A thick fog engulfed the trail and there was a definite chill in the air as we set off from the trailhead for Mount Pilchuck.
We hoped that upon reaching the summit of the mountain at 5,324 feet we would find ourselves above the fog with glorious views of mountains floating above the clouds.
We began the trek up the 2200 feet of elevation gain in just under 3 miles and were soon huffing and puffing. We had gotten a late start to the day and didn’t reach the trailhead until a little after 11:00. Though foggy and rainy the parking area at the trailhead was still full. This was, in part, due to the Search and Rescue crews from several different districts who were training there.
As we hiked we couldn’t tell if we were being rained on or not. We finally figured out that it was water droplets falling from the trees and that when we were in a clear area there was no perception. I was glad we had brought along all of our rain gear. We wore our gaiters and while not strictly necessary they did keep our calves completely dry. There was quite a bit of water on the trail at several points. Nearer the top there was a little bit of snow that had mostly turned into a muddy slush. No special snow equipment was required to reach the summit successfully.
The trail was very rocky and required lots of concentration to prevent yourself from slipping and tripping along it. I would have to stop and remind myself to look around or else the scenery would’ve passed me by.
The dense fog did prevent us from most of the views as we made our way up but we kept up our optimism in the hopes of getting above it or hitting one of the scattered clear blue sky moments that were gracing the skies occasionally throughout the day.
We stopped for lunch about a mile short of the summit and supped on tuna fish sandwiches. We had, at first, found ourselves pretty secluded on the trail but as we ate lunch we began to hear the echoes of the numerous groups that were behind and ahead of us. For the rest of the day we would find ourselves sandwiched between groups that were also braving the cold and the fog in hopes of getting a glimpse of the magnificent views that are possible from this summit hike.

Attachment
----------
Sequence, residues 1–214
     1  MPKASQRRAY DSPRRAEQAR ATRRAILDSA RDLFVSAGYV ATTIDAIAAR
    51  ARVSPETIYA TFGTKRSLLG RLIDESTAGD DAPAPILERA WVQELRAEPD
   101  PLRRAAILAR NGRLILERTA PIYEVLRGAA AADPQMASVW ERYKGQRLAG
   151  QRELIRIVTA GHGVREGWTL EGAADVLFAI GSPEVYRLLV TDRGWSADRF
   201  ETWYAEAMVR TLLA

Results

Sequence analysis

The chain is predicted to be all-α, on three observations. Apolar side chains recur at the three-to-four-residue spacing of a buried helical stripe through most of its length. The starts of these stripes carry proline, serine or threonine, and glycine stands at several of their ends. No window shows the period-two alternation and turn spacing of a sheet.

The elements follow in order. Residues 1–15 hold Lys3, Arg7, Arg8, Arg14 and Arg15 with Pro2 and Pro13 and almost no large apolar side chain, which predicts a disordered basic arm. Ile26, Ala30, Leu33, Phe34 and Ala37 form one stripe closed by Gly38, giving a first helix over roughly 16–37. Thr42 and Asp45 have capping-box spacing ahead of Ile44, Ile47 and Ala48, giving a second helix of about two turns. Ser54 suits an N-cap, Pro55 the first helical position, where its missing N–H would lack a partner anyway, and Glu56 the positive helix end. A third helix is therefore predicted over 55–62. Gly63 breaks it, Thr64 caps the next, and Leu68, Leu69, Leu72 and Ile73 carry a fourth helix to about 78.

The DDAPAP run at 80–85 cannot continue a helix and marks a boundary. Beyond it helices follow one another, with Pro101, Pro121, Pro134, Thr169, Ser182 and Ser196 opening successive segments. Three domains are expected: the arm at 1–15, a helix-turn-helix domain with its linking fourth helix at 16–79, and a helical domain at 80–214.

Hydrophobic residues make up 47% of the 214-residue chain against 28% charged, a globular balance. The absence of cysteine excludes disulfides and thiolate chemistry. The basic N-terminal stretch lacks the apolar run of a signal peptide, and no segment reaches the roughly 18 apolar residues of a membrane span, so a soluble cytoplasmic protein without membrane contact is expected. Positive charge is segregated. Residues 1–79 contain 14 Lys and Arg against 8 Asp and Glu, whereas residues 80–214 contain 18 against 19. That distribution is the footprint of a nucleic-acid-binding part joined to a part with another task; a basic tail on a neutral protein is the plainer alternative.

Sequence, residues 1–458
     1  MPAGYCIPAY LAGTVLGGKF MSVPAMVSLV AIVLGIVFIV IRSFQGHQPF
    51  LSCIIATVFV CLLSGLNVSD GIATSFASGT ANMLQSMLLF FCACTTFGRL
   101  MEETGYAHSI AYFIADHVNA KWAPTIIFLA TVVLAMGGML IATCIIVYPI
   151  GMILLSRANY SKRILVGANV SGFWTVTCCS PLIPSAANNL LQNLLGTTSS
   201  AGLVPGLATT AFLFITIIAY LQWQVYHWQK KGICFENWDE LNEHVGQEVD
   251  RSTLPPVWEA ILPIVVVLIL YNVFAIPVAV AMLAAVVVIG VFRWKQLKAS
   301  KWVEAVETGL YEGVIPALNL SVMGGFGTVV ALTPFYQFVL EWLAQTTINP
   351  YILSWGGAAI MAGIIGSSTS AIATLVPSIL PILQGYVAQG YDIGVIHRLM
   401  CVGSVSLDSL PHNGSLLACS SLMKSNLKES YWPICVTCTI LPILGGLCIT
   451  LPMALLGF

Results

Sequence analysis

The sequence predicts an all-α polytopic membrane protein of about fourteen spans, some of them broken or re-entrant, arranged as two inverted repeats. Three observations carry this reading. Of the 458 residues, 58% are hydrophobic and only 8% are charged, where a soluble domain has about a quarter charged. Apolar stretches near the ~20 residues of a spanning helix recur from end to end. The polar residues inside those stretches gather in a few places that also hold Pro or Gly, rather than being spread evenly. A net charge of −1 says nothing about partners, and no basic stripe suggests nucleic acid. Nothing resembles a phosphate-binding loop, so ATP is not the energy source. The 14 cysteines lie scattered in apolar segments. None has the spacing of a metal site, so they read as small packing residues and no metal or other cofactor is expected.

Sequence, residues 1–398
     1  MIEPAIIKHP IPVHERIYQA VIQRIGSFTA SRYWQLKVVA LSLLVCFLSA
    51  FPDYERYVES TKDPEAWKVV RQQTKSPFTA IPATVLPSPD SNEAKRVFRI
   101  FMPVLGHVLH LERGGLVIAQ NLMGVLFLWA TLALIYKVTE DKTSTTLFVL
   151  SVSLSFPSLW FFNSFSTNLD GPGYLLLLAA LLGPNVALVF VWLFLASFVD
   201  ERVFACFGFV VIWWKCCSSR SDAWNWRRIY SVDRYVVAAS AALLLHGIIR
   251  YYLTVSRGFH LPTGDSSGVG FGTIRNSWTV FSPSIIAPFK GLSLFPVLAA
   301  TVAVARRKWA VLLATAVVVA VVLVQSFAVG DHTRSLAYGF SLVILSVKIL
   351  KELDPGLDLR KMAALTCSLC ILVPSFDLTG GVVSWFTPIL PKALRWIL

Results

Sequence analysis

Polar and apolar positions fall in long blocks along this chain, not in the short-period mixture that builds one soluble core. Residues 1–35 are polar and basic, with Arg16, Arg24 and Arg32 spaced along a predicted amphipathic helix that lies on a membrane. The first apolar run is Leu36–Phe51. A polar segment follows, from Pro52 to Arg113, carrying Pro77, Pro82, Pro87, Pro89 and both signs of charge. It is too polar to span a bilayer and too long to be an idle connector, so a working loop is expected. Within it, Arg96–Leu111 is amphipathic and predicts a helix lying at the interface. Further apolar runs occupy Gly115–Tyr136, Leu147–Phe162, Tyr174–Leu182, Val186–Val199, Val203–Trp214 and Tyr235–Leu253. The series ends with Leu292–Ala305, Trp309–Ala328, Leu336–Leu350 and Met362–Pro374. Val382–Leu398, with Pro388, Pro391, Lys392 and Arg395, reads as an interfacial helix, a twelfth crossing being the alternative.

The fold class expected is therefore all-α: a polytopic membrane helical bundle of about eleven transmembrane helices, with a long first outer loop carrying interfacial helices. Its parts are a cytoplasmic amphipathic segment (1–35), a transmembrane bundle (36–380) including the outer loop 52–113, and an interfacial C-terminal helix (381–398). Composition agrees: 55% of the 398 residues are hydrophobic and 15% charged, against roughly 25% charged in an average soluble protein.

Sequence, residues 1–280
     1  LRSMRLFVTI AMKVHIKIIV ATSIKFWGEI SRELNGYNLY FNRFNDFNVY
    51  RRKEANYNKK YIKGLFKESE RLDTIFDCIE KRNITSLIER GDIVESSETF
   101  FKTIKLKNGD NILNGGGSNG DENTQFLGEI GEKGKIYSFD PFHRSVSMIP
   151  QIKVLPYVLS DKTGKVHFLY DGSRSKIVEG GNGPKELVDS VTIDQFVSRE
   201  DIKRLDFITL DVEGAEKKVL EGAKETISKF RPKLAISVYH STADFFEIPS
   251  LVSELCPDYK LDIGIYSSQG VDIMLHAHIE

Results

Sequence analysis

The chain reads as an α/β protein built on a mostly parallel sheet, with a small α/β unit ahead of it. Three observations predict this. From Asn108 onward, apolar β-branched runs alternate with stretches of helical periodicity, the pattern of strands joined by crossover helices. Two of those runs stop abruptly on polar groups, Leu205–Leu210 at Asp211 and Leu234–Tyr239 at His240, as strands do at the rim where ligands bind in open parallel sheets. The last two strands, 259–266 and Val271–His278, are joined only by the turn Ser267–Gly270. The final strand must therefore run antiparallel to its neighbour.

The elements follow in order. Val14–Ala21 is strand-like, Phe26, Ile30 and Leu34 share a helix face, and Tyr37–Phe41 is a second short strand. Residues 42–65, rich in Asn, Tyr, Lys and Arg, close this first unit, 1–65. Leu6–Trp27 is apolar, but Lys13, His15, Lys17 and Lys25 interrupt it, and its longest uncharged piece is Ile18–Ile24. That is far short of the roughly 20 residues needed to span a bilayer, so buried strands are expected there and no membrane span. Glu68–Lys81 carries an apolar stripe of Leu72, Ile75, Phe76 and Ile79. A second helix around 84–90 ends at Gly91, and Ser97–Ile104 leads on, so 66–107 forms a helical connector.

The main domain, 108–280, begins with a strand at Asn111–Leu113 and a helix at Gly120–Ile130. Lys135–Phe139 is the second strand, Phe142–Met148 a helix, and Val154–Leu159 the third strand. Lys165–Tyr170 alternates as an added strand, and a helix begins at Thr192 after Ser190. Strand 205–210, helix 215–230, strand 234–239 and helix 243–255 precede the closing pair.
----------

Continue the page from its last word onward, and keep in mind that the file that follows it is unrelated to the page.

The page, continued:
We passed the remnants of an old cable car shortly after lunch. This car was how they used to transport supplies up to the lookout. We also passed the timber rubble from an old lodge that had at one time stood on the mountainside.
The trek became steadily steeper and rockier as we continued our ascent. After 1:00 we reached the summit point. It is a large boulder field that involves some tricky scrambling to make it to the ladder that leads to the lookout building. We had Latigo with us and he gets pretty freaked out by boulder fields so I opted to stay back with him just missing the summit while Bobby made the trek up.
The building was full of hikers seeking shelter from the cold and the wind that greeted them at the summit and Bobby snapped some quick pics. This lookout cannot be slept in and is more of a visitors center with information on the surrounding mountains.
This is definitely a bottleneck on the trail and the traffic going up and down to and from the lookout was pretty intense. Only a few people could go at a time which caused significant traffic jams.
People were pleasant and excited to have reached the top! Many were sadly disappointed that the views weren’t better. We lingered near the top enjoying our reward of a Hershey Bar and as we waited we were lucky enough to catch a rare break in the wall of clouds. We climbed a small rock outcropping near the lookout and were rewarded with some unique views of the mountains peeking out from behind the clouds and fog. It was cold up there and the wind was blowing pretty fiercely.
We began the trek down and as we went were rewarded with several peekaboo views of the mountains as the fog and cloud cover continued its cat and mouse game with the mountains.
Overall this was a great hike. Very popular, pretty rocky, but we can only imagine what the views would be like on a clear day! I would recommend leaving the dog at home for this one.
Water along the trail was scarce and the summit is basically inaccessible to any dog that can’t be secured in a pack or passed up to reach the very top. I guess if you have a savvy rock/ladder climbing dog then they would succeed in reaching the summit!